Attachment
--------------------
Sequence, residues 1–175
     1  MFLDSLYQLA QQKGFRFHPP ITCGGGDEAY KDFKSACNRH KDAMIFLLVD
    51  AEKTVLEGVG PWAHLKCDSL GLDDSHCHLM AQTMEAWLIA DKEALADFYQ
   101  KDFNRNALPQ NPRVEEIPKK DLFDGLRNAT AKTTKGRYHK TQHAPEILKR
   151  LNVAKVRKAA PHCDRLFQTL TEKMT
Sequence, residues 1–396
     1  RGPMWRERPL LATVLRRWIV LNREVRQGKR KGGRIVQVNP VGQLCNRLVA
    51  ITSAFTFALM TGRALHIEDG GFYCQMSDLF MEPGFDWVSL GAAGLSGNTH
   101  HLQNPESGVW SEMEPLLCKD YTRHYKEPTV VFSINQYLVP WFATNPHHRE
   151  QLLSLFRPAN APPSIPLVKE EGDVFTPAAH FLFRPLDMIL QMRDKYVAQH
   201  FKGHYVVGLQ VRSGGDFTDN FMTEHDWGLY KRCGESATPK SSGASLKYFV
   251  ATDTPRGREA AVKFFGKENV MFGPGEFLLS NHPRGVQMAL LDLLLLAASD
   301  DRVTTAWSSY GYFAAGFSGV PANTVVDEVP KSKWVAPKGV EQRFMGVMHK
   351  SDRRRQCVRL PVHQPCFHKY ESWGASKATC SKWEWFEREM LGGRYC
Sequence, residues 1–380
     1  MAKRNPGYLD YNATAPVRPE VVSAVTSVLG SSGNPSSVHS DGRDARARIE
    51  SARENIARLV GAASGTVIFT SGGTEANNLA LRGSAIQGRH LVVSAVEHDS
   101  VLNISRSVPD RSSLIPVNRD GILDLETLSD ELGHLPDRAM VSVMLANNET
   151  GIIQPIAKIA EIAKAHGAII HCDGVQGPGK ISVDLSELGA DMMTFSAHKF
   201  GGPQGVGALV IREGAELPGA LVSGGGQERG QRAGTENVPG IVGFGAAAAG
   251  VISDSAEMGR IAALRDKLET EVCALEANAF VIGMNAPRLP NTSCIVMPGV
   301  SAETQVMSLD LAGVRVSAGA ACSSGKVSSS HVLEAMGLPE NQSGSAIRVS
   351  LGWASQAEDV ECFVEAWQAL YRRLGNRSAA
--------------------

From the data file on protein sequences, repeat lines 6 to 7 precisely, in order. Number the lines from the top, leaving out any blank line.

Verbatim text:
Sequence, residues 1–396
     1  RGPMWRERPL LATVLRRWIV LNREVRQGKR KGGRIVQVNP VGQLCNRLVA